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Where does the phrase flag it come from, as in

Oh, flag it, it's not working, I'm going to bed.

closed as off-topic by kiamlaluno, choster, anongoodnurse, FumbleFingers, Avon Jul 30 '15 at 18:25

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    I've never heard it used in that way. Flag it usually means -metaphorically - raise a warning flag to indicate there is something amiss – WS2 Jul 27 '15 at 11:15
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    I too have never heard it used that way. It looks like just a euphemism or minced oath. See english.stackexchange.com/questions/35156/… – Avon Jul 27 '15 at 11:21
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    Are you sure you're not hearing fug it, which itself it a mumbly-bowdlerization of fuck it? – Dan Bron Jul 27 '15 at 13:07
  • What is the tone? What is the context? Depending on whether the speaker is recommending a solution or making a complaint, either dockeryZ's or Malvolio's answers could be correct, but you have not provided enough information to make a determination. – choster Jul 27 '15 at 22:53
  • Apparently there are a million euphemisms in the naked city. – Sven Yargs Jul 28 '15 at 21:49
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It's nothing more than a polite way to say

Damn it!

or even

F*ck it!

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It is not a common euphemism as dockery suggests (at least, not on the United Kingdom, where I have never heard or read it used in that way). It may have been derived from "flag it" as an instruction to send a semaphore message between ships (using flags, before radio came into use). Hence it came to mean make someone aware of something. Contemporary use is to notify something, as in flagging an email by marking it in some way for attention.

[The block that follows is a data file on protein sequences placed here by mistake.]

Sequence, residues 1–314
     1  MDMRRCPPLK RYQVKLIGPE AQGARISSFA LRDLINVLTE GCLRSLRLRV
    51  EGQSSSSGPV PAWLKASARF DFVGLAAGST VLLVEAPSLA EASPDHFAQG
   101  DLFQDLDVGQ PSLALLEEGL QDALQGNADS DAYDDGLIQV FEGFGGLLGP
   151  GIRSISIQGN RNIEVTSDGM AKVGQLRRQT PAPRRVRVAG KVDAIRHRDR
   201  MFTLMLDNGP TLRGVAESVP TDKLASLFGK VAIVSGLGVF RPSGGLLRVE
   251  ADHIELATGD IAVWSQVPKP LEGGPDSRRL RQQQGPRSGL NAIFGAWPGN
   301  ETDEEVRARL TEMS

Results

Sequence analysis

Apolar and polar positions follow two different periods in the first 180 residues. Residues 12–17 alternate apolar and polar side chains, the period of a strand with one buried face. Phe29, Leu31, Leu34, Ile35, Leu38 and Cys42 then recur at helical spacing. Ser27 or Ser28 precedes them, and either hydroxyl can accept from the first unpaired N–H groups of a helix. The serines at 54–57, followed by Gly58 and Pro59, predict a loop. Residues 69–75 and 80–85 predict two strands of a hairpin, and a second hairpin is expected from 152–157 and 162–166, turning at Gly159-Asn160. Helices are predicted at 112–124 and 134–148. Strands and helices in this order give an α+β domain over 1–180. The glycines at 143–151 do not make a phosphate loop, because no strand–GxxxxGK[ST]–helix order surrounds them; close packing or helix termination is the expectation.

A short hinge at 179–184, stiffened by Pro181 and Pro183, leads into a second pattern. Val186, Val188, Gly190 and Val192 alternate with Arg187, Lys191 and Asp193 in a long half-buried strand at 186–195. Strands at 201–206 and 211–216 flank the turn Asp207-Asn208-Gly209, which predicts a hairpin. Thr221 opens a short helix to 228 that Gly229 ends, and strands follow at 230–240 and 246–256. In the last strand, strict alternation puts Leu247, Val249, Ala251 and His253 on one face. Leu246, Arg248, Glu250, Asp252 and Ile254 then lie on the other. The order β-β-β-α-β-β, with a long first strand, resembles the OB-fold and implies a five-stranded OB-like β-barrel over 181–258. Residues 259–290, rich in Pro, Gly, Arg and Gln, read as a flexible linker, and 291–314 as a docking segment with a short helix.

• I would tend to go with the minced oath theory. I've never heard "flag it", but I've heard stuff like "conflag it" (which appears to be an oddly "minced" version of "confound it"). – Hot Licks Jul 27 '15 at 13:30
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When you are searching for any small item cannot or should not be moved, it is common to mark it in some way.

Consider a document that has several places that require signatures. The person preparing the document will put adhesive markers next to each blank. This practice is so common that you can purchase markers pre-printed with words "Sign Here".

Such markers are almost universally called "flags", presumably from the small brightly colored flags used as markers in golf, surveying, and construction.

The verb for applying a flag is "to flag".

Many data systems (including virtually every email system) have a feature for either drawing an administrator's attention or your own (in the future) to a particular data-item, and that feature is by obvious skeumorphism called and even depicted as, a flag.

Marking an problem for later work, even only mentally, can be called flagging by further extension.

No connection with flag in the sense of "lessen" (from Old Norse flaka, "to flicker") and not a minced oath for "fuck it".

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